using a formal updating system, the reduced work needed to administer a
thoroughly updated plan can reduce these costs down to one-half of one
percent. Utilizing fixed fee services means that clients may lock in
this fee before death by agreeing to update the plan through the use of
formal updating. This is a milestone in the estate planning field.
Reducing this back-end fee will, on average, make the overall costs
of an estate plan less than they would be under the traditional
approach of pay as you go updating and paying market rates for trust
administration. Furthermore, administration fees are not paid until
death, but the client is assured the lower fee upon inception of the
plan.

Revocable Living Trusts

A revocable
living trust is a contract. The document will state the management
terms for property owned by the trust. Initially, the trustees of the
trust will be the Trustmaker. Thereafter, the successor trustees will
typically be family members or friends. The job of the Trustee is to
manage trust property on behalf of the beneficiaries. Successor
trustees take over the job of the initial trustees upon disability and
death. Trust terms will instruct trustees of their duty with regard to
particular assets and specific events. Restrictions on distributions
contained within a trust add protections for the beneficiaries. Some of
these protections include disability issues, guardianship issues,
catastrophic lawsuits, keeping the estate in the bloodline, and
remarriage issues. In addition, trust property passes free of probate
and can be instrumental in reducing estate taxes.

Durable Powers of Attorney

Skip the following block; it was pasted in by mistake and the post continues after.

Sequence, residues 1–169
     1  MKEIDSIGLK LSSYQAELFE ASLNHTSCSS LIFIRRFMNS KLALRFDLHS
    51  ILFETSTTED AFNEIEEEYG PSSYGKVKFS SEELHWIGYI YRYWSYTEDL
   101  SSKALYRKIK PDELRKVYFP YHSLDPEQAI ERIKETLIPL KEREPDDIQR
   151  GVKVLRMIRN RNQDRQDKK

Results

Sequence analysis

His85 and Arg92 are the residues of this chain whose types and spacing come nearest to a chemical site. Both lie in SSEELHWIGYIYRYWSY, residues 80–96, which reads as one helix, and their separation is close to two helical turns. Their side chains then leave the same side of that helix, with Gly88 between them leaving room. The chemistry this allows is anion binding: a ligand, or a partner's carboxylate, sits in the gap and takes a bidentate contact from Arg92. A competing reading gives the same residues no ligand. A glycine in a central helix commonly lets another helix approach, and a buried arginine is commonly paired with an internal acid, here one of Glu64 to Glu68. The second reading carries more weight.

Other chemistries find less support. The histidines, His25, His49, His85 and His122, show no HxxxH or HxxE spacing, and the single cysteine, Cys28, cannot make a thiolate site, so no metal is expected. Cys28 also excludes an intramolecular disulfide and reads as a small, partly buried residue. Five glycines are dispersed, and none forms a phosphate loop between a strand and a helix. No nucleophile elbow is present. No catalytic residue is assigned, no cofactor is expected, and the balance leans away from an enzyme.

Financial Powers of Attorney

A
financial power of attorney allows a client the ability to appoint an
agent to make financial decisions on behalf of the client upon
disability. Disability in this context can be defined as the inability
to manage ones own financial affairs as determined by two physicians.
These powers are used most often to manage assets that are not titled
in the name of the trust. These assets usually include vehicles,
retirement plans, and life insurance policies.

Medical Powers of Attorney

A
medical power of attorney is sometimes called an advanced physicians
directive or a living will. It will allow the client the ability to
appoint an agent to make medical decisions on behalf of the client when
the client is unable to so based on medical reasons. These decisions
include the power to remove life support when death is eminent with no
hope of recovery. It also includes decisions with regard to anatomical
gifts, preferences for disposal of final remains, and the choice to use
professional caregivers for a long-term care situation.

SOURCE: Strategic Wealth Legal Advisers